In a commercial layer trial3 involving four houses with 60,000 to 90,000 hens per house, feeding RFCs reduced mortality, increased egg production per hen housed and increased case weight. Treatment with RFCs also reduced the prevalence of Salmonella at 16 weeks and 45 weeks. (Tables 1 and 2.)
Table 1.  Production Summary for Flocks at 45 Weeks of Age
Table 2.  Salmonella Prevalence (%)
A research study with broiler diets showed that supplementation with RFCs effectively enhanced bird performance, improving weight gain and feed conversion, leading to more uniform bird size and weight at slaughter.
A study with 1,600-day-old chicks4 demonstrated the benefit of RFCs on performance of birds raised under standard coccidiosis management programs. Adding RFCs to diets improved performance of birds vaccinated for coccidiosis as well as those fed a coccidiostat. (Figure 1.)
Supporting resiliency in piglets
Feeding RFCs also supports animal resiliency in swine production facilities. Weaning is a time when young pigs are particularly vulnerable to disease-causing pathogens. Supporting gut function during this stressful time can support immunity to help maintain piglet health and performance.
To understand how RFCs impact piglet resiliency, researchers studied performance, health and immune response in young pigs faced with a simulated immune challenge.5
Piglets were assigned either a control diet or one of two RFC treatment diets for four weeks.
After the four-week feeding period, test piglets were injected with lipopolysaccharide (LPS) at the rate of 50 µg/kg. LPS is found within the cell walls of gram-negative bacteria. This component stimulates the release of inflammatory cytokines, leading to an acute inflammatory response. Control piglets received a saline solution injection.
A post-challenge health evaluation showed that piglets supplemented with RFCs had lower temperature and respiratory rate during the first four hours after LPS injection, indicating a positive effect on immune function. This response suggests that RFCs may benefit weaned pigs subjected to immune challenges that are common in the face of disease-causing pathogens during the early weaning period.
Dairy herd resiliency
Dairy animals also are vulnerable to a host of stresses and pathogens that can overcome the immune system, especially early in life and during transition following calving.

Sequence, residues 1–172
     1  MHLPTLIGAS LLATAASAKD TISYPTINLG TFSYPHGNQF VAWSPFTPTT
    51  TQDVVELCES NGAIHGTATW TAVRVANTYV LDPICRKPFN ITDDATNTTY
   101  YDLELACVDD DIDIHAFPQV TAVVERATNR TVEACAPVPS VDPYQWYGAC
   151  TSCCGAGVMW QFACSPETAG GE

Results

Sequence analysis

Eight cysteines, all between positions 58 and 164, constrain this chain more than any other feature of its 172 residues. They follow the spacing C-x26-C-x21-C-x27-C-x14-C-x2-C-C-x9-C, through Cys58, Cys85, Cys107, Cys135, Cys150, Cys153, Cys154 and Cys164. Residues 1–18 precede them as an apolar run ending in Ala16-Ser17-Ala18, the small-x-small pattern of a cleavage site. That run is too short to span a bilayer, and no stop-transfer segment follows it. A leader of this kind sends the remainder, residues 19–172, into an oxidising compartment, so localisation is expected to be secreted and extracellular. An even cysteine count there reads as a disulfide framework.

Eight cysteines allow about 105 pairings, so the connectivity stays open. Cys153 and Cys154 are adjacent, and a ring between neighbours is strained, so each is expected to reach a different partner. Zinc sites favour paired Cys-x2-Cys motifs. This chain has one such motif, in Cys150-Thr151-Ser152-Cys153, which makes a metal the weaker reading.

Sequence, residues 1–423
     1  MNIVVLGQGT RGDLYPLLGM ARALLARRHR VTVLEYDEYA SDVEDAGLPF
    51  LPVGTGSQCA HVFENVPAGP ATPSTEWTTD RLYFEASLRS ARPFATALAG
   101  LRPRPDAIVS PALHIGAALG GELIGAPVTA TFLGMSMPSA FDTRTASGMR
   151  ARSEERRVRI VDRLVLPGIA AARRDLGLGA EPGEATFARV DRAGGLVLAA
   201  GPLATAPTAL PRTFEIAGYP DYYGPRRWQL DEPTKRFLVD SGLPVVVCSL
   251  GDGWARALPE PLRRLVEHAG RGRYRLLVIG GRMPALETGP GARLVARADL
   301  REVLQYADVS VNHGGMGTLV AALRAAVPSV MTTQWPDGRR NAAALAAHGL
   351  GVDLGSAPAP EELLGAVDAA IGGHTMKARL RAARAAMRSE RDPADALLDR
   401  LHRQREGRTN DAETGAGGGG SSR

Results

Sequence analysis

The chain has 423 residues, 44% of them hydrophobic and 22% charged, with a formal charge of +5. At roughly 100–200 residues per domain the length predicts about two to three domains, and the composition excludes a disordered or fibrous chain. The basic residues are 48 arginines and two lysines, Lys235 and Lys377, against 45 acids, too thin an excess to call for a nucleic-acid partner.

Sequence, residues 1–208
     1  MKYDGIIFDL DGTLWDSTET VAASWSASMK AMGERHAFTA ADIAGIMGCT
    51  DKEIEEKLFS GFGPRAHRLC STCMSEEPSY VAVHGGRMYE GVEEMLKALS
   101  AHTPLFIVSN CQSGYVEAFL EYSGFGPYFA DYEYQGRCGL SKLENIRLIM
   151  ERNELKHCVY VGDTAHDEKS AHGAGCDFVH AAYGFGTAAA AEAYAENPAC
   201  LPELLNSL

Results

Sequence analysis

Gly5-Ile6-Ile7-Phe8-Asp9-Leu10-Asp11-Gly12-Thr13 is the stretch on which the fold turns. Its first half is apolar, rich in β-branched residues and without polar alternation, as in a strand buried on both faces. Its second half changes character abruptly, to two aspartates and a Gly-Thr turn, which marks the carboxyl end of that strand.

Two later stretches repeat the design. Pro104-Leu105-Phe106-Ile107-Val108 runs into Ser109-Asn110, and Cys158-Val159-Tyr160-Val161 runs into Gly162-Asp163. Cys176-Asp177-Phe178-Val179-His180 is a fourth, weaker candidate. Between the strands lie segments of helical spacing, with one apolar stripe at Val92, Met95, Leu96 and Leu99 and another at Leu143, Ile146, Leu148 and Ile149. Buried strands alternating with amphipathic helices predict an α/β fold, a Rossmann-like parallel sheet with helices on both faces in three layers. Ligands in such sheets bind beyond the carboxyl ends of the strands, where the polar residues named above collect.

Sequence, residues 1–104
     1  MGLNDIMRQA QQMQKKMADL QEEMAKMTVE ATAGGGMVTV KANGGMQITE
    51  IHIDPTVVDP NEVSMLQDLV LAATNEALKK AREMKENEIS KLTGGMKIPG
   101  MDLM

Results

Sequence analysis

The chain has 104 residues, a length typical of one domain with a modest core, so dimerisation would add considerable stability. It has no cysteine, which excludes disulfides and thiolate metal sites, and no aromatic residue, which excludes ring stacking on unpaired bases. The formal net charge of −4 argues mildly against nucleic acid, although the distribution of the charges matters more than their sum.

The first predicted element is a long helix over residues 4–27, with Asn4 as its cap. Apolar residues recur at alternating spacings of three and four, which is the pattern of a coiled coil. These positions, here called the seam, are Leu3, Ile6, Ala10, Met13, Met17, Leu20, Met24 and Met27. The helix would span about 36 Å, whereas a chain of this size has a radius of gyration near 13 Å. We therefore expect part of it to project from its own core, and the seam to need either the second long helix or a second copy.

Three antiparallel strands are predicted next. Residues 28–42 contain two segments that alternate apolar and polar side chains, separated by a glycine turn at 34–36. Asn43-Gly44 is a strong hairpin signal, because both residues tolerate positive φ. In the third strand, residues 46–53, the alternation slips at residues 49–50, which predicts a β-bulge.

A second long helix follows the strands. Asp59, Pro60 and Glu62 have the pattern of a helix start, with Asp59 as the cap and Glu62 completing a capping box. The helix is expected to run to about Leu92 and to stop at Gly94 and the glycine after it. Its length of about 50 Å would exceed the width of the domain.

A study on two commercial U.S. farms6 compared health and performance of milk-fed Holstein calves supplemented with RFCs. Researchers studied overall health, fecal pathogen shedding and average daily gain of 319 three-day-old calves in individual housing for days one through six, and group pens with automatic feeders until day 56.
Calves fed RFCs had lower probability of developing severe diarrhea and had less shedding of Salmonella and rotavirus pathogens. Improved gut health led to improved growth and performance, with calves fed RFCs recording 2.1 kg higher body weights at the end of the trial compared with controls without RFC supplementation.
The importance of supporting immunity continues throughout a dairy animal's life, especially the critical transition period. A poorly functioning immune system allows opportunistic pathogens to colonize and cause disease.7 Feeding RFCs helps support and enhance the cow's immune system during transition and beyond.
In conclusion, feeding strategies can make animals more resilient to pathogenic bacteria and other challenges. Feeding RFCs can help create optimal immunity through every bite of feed, decreasing dependence on antibiotics or other interventions to support productivity. For more information visit AHfoodchain.com

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Article made possible through the contribution of Sangita Jalukar and Arm & Hammer Animal and Food Production